Daily Archives: July 13, 2019

Security Affairs newsletter Round 222 – News of the week

A new round of the weekly SecurityAffairs newsletter arrived!

The best news of the week with Security Affairs.

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newsletter Digging The Deep Web

Once again thank you!

Croatia government agencies targeted with news SilentTrinity malware
Customers of 7-Eleven Japan lost $500,000 due to a flaw in the mobile app
Hackers compromised a Canonical GitHub account, Ubuntu source code was not impacted
Backdoor mechanism found in Ruby strong_password library
Cyberattack shuts down La Porte County government systems
Experts uncovered a new Magecart campaign that hacked over 960 stores
Hackers are poisoning the PGP SKS keyserver network poisoned
Spotting RATs: Delphi wrapper makes the analysis harder
UK ICO fines British Airways £183 Million under GDPR over 2018 security breach
A new Astaroth Trojan Campaign uncovered by Microsoft
Flaw in Zoom video conferencing software lets sites take over webcam on Mac
Kaspersky report: Malware shared by USCYBERCOM first seen in December 2016
Maryland Department of Labor discloses a data breach
Prototype Pollution flaw discovered in all versions of Lodash Library
Adobe Patch Tuesday updates for July 2019 address only 5 minor flaws
Kali Linux is now available for Raspberry Pi 4
Microsoft released Patch Tuesday security updates for July 2019
Parents Guide for Safe YouTube and Internet Streaming for Kids
Severe vulnerabilities allow hacking older GE anesthesia machines
UK ICO proposes a $123 million fine for Marriott 2014 data breach
A new NAS Ransomware targets QNAP Devices
Agent Smith Android malware already infected 25 million devices
Intel addresses high severity flaw in Processor Diagnostic Tool
New FinFisher spyware used to spy on iOS and Android users in 20 countries
CVE-2019-1132 Windows Zero-Day exploited by Buhtrap Group in government attack
Exclusive, experts at Yoroi-Cybaze ZLab released a free decryptor for Loocipher Ransomware
Hackers stole $32 million from Bitpoint cryptocurrency exchange
New Miori botnet has a unique protocol for C2 communication
FTC approves a record $5 billion settlement with Facebook over Cambridge Analytica scandal
Magecart group infected over 17,000 domains via unprotected AWS S3 Buckets

Pierluigi Paganini

(SecurityAffairs – newsletter)

The post Security Affairs newsletter Round 222 – News of the week appeared first on Security Affairs.

For nearly a year, Brazilian users have been targeted with router attacks

Brazilian users have been targeted by a large number of router attacks aimed at modifying the configuration of their routers for malicious purposes.

This year, security experts at Avast have blocked more than 4.6 million cross-site request forgery (CSRF) attempts carried out by crooks to execute commands without the users’ knowledge.

The campaign uncovered by Avast aimed at silently modifying the Brazilian users’ Domain Name System (DNS) settings to redirect victims to malicious websites mimicking legitimate ones.

Crooks targeted users of many major organizations, including Netflix and large banks like Santander, Bradesco, and Banco do Brasil.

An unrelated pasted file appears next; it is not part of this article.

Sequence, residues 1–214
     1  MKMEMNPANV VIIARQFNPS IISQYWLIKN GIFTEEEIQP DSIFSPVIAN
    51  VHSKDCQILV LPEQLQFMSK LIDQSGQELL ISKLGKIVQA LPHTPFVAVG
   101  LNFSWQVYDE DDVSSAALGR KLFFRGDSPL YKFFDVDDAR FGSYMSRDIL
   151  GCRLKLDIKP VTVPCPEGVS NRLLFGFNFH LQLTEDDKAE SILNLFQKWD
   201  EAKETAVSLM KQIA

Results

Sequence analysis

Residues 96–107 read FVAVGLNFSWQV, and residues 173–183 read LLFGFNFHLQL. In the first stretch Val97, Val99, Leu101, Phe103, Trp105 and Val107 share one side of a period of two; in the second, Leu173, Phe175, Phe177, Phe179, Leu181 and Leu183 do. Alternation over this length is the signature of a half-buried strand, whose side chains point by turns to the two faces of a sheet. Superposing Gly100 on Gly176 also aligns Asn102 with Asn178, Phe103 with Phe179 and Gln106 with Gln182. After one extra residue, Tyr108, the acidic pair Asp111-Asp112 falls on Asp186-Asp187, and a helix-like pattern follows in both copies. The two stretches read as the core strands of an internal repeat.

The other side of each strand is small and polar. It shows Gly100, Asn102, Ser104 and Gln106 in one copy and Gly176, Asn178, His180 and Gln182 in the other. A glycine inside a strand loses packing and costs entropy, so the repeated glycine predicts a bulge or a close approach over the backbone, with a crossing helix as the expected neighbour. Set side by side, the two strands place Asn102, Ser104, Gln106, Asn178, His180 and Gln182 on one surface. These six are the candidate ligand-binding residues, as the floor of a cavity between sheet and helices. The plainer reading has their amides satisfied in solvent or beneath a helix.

A router CSRF attack could be launched by tricking victims into visiting a compromised website with malicious advertising (malvertising) typically served through third-party ad networks to the site.

“Avast frequently observes malvertising infections on local Brazilian websites that host adult content, illegal movies or sports content. Just by visiting a compromised site, the victim is redirected to a malicious page where their router is automatically attacked without user interaction.” reads a blog post published by Avast.

Malware then guesses routers’ passwordswhich new research from Avast shows are often weak. In some cases the router is reconfigured to use rogue DNS servers, which redirect victims to phishing pages that closely look like real online banking sites. Most recently, Netflix became a popular domain for DNS hijackers.”

Avast researchers also observed crooks using DNS hijacking to deliver crypto mining scripts to users’ browsers.

Experts first observed the router attacks last summers, researchers from Radware and Netlab first reported them.

Experts at Qihoo 360 NetLab reported that between September 21 and 27, the GhostDNS campaign compromised more than 100,000 routers, most of them (87.8%) located in Brazil.

In April 2019, experts at Bad Packets uncovered a new wave of attacks mainly aimed at compromising D-Link routers, many of them hosted belonging to Brazilian users.  

According to Avast, in the first half of 2019, hackers have modified the DNS settings of over 180,000 Brazilian routers with even more complex attacks.

router attacks brazil

The router attacks involved an exploit kit that attempts to find the router IP on a network, then attempts to guess the password using common login credentials.

“The password “gvt12345”, for example, suggests that hackers target users with routers from the former Brazilian internet service provider (ISP) GVT, which was acquired by Teleônica Brasil, and is the largest telecommunications company in the country.” states the analysis published by Avast. “The password “vivo12345” is used on routers distributed by the ISP Vivo, which is also Telefônica Brasil brand.”

Experts explained that the GhostDNS variant Novidade was one of the most active in router attacks against Brazilian users.

Avast confirmed that Novidade attempted to infect its users’ routers over 2.6 million times in February alone, the experts observed at least three campaigns spreading the malware.

In the past three months, experts also uncovered three drive-by attacks from another exploit kit tracked “SonarDNS EK” because it was based on the SONAR JS framework.